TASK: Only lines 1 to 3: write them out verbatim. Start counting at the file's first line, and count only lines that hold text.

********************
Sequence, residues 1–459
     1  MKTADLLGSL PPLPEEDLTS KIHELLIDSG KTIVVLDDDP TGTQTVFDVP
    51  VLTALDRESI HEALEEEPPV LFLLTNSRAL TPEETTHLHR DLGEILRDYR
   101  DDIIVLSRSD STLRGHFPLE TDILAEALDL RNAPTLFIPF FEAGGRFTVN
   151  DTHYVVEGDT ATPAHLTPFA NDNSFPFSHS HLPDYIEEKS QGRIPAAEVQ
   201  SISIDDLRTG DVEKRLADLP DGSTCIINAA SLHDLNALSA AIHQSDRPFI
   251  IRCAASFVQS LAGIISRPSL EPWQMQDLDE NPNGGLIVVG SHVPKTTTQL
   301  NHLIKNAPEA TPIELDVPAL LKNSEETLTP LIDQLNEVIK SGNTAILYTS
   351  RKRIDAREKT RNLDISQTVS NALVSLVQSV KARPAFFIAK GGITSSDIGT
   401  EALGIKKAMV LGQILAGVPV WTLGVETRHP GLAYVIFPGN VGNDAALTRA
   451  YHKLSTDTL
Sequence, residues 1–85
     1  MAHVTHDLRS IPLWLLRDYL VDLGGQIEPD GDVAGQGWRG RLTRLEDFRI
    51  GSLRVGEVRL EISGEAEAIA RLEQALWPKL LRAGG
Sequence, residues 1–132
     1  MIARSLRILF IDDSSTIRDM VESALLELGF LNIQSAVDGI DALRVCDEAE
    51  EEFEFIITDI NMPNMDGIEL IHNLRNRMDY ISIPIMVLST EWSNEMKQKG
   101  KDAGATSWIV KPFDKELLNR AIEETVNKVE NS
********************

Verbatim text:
Sequence, residues 1–459
     1  MKTADLLGSL PPLPEEDLTS KIHELLIDSG KTIVVLDDDP TGTQTVFDVP
    51  VLTALDRESI HEALEEEPPV LFLLTNSRAL TPEETTHLHR DLGEILRDYR